Verify your home is leak-free. Read your water meter before and after a two-hour period when no water is being used. If the meter does not read exactly the same, there is a leak.
Repair dripping faucets by replacing the washers. If your faucet is dripping at a rate of one drop per second, you can waste up to 2,000 gallons per month.
Check for toilet tank leaks by adding food coloring to the tank. If the toilet is leaking, color will appear in the toilet bowl within 30 minutes. Check the toilet for worn out, corroded or bent parts. Most replacement parts are inexpensive, readily available and easily installed. A leaking toilet can waste thousands of gallons of water every month.
Avoid flushing the toilet unnecessarily. Dispose of tissues, insects and other similar waste in the trash rather than the toilet.
Install a displacement device or water conserving toilet flapper. Be sure the installation does not interfere with the operating parts. When purchasing new or replacement toilets, consider a quality low-volume unit provided it meets local code.
Replace your existing showerhead with an ultra-low-flow version. Some units are available that allow you to cut off the flow without adjusting the water temperature knobs.
Don’t let water run while shaving, washing, or brushing teeth. Up to 30 gallons per use, per day may be saved.
Retrofit all household faucets by installing aerators with flow restrictors.
Operate automatic dishwashers and clothes washers only when they are fully loaded. Set the water level for the correct size load.
When washing dishes by hand, fill one sink or basin with soapy water. Quickly rinse under a slow-moving stream from the faucet.
Store drinking water in the refrigerator. Don’t let the tap run while you are waiting for cool water to flow.
Don’t use running water to thaw meat or frozen foods. Defrost overnight in the refrigerator or use the defrost setting on the microwave.
Consider installing an instant water heater on your kitchen sink so you don’t have to let the water run while it heats up. This will reduce water-heating costs for your household.
Insulate your water pipes. You’ll get hot water faster and avoid wasting water while it heats up.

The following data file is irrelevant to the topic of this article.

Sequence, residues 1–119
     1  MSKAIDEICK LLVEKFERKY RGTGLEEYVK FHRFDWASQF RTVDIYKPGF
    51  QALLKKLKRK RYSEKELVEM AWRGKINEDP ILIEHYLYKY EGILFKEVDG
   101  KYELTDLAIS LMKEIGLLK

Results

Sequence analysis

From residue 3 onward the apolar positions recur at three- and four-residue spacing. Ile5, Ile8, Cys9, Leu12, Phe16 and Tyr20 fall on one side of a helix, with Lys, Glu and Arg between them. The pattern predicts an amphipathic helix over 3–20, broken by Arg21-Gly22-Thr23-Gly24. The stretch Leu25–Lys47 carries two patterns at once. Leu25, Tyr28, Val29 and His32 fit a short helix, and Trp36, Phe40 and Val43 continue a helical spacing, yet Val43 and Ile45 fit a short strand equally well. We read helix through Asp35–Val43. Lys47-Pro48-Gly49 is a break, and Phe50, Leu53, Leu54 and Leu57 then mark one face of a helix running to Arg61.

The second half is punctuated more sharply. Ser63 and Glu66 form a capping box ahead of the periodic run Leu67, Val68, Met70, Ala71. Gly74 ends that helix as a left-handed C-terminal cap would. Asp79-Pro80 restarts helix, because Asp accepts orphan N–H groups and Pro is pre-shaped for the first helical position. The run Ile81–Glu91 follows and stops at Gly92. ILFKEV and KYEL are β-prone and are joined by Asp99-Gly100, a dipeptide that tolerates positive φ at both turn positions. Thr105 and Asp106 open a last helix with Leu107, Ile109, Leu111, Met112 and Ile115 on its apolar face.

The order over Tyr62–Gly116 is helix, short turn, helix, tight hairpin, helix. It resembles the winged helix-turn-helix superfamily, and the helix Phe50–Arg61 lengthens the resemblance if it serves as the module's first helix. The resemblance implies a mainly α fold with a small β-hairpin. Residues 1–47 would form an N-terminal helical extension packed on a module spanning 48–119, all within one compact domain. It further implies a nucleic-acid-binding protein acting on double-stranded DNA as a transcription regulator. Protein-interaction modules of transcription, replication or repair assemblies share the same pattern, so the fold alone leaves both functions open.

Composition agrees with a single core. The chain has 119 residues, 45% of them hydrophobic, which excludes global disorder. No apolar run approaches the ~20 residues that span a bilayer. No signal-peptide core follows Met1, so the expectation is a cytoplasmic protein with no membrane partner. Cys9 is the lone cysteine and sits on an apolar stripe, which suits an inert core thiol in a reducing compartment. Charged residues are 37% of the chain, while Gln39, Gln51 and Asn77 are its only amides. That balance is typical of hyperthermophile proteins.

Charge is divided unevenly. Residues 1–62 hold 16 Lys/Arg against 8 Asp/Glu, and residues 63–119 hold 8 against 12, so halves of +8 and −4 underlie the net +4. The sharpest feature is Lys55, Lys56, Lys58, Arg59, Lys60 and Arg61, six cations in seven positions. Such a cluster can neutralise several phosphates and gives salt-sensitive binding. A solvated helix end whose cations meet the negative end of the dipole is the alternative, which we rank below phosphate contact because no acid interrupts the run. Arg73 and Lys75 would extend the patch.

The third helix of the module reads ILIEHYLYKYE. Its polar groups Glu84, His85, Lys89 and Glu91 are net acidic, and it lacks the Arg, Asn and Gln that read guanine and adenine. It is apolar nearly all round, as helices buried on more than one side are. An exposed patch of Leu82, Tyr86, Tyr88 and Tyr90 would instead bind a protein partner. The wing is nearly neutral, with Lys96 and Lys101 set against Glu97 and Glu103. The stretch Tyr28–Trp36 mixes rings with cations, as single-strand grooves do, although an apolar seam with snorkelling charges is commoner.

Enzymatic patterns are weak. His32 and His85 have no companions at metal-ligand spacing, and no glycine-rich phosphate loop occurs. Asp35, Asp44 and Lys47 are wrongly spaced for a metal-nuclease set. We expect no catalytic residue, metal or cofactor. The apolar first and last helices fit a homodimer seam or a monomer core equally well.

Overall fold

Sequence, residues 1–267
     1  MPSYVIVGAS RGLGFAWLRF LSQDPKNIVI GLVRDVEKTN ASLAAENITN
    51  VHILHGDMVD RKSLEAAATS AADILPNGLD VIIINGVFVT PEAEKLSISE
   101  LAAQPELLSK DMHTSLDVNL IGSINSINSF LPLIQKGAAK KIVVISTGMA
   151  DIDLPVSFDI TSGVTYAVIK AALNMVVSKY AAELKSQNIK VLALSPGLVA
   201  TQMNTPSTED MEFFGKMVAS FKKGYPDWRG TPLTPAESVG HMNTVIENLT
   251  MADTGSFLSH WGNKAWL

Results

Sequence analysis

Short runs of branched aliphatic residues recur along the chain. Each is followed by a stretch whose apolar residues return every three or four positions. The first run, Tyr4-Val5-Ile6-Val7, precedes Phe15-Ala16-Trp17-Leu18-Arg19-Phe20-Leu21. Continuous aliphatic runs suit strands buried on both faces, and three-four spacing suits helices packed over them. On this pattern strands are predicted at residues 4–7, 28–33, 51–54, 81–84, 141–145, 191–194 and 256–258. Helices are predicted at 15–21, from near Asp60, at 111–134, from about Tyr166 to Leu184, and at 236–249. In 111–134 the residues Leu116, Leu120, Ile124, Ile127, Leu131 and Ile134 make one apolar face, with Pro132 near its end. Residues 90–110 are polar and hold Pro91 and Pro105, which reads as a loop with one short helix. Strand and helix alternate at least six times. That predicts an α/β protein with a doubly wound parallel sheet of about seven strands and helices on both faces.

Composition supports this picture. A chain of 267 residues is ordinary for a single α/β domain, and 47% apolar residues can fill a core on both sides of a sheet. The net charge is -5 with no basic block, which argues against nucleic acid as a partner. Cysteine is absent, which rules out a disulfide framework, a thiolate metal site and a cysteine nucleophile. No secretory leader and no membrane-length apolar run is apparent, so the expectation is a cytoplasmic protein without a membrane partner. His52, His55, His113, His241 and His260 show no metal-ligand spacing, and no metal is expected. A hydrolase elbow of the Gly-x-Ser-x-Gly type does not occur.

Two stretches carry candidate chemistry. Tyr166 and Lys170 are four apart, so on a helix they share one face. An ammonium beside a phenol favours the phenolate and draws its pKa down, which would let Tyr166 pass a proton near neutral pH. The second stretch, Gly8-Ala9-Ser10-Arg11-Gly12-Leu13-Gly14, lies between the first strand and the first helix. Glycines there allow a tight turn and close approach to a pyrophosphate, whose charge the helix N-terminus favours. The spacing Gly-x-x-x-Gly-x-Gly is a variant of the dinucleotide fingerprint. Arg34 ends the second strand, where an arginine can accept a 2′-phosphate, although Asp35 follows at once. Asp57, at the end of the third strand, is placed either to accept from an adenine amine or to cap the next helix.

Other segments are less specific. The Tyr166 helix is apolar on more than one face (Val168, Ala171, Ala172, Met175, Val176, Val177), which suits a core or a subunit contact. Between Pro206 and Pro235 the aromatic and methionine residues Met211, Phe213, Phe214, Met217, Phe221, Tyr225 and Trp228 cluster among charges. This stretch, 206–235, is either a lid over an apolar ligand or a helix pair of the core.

Install water-softening systems only when necessary. Save water and salt by running the minimum amount of regenerations necessary to maintain water softness. Turn softeners off while on vacation.
When trying to establish water temperatures, adjust hot and cold knobs down, not up.
SAVE WATER OUTSIDE
Don’t over-water your lawn. As a general rule, lawns only need watering every five to seven days in the summer and every 10-14 days in the winter. A hearty rain eliminates the need for watering for up to two weeks. Use a rain gauge to determine the amount of rainfall your lawn has received.
Don’t allow sprinklers to water your street, driveway or other non-beneficial surface. Position sprinklers so water lands on the lawn and shrubs and not on paved areas.
Install irrigation devices that are the most water-efficient. Micro– and drip-irrigation and soakers provide great results without waste.
Check sprinkler systems and timing devices regularly to be sure they operate properly. Adjust for the season, rainfall and plants.
Raise the lawn mower blade at least three inches or to its highest level. A higher cut encourages grass root system to grow deeper, shades the root system and holds soil moisture better than a closely clipped lawn. Contact local gardening experts for specifics.
Avoid over-fertilizing your lawn. Fertilizer applications increase the need for water. Apply fertilizers that contain slow release, water-insoluble forms of nitrogen.
Use mulch to retain moisture in the soil. Mulch also helps control weeds that compete with landscape plants for water.
Plant native and / or drought resistant grasses, ground covers, shrubs, and trees. Once established, they do not need water as frequently and usually will survive a dry period without watering. Group plants together, based on similar water needs. (Consult your state’s Native Plant Society for more info.)
Do not hose down driveways or sidewalks. Use a broom or blower to clean leaves and other debris from these areas.
Use a shut-off nozzle on your hose, which can be adjusted down to a fine spray so that water flows only as needed. When finished, turn it off at the faucet instead of at the nozzle to avoid leaks. Check hose connectors to make sure plastic or rubber washers are in place. Washers prevent leaks.
Do not leave sprinklers or hoses unattended. A garden hose can pour out 600 gallons or more in one hour. Use a kitchen timer to remind yourself to turn the sprinklers off.
Consider using a commercial car wash that recycles water. If you wash your own car, park on the grass and use a hose with an automatic shut-off nozzle.
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